Finding Features Via Hull Approximation




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With the recent explosion in data collection, big datasets are becoming more difficult to handle. The size of these datasets can cause algorithms to become intractable in time or space, but noise and outliers can also cause machine learning models to overfit data, yielding poor general performance. Additionally, applications that require users or experts to interpret or inspect data also suffer from big datasets as the sheer size makes it impossible for a human to grasp. These considerations motivate reducing the size and complexity of a dataset by selecting key features which allow one to compactly represent the data. This dissertation approaches the basic task of simplifying a dataset from a geometric angle. First, we view datasets from several types of applications as being naturally modeled by three geometric hulls: the staircase hull, the convex hull, and the conic hull. Then, the goal of this dissertation is to research geometric properties and algorithms related to simplifying each of these hulls which in turn results in a simplified dataset. Further, the dissertation provides experimental evidence that show these methods are useful in practice.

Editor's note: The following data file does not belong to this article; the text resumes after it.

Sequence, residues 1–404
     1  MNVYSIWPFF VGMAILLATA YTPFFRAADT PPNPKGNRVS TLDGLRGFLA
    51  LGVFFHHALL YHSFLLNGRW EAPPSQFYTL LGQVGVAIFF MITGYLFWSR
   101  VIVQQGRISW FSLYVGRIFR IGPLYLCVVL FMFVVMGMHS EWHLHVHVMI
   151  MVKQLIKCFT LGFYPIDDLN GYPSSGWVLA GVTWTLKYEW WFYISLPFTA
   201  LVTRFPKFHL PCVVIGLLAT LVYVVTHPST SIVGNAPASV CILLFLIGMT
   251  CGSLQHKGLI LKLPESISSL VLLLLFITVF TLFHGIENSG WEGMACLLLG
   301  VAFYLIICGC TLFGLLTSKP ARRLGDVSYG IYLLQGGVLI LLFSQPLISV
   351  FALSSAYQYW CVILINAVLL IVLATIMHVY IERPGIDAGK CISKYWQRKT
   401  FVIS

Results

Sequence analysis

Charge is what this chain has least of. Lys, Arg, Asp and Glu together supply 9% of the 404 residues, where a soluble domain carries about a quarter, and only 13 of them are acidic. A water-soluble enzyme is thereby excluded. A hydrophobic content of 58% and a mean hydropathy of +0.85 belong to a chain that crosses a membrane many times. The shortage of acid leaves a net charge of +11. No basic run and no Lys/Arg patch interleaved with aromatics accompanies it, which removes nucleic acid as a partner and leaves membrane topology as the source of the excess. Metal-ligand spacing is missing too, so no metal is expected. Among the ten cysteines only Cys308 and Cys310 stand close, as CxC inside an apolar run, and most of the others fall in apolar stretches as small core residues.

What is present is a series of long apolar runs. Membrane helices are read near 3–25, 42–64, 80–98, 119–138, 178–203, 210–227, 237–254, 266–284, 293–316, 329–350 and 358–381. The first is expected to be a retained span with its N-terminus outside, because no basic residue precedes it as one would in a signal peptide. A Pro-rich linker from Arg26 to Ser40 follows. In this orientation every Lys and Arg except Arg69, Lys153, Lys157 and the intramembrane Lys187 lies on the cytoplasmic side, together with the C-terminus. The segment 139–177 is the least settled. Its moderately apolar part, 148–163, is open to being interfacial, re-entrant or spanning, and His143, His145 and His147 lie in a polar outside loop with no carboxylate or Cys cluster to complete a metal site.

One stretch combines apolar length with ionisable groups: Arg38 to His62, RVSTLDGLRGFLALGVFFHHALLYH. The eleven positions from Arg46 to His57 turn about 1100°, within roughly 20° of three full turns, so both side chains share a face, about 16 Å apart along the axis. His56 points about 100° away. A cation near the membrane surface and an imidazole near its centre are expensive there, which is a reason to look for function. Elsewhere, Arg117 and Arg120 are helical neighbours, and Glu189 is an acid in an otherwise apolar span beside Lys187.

Big data, Geometrical models, Computer science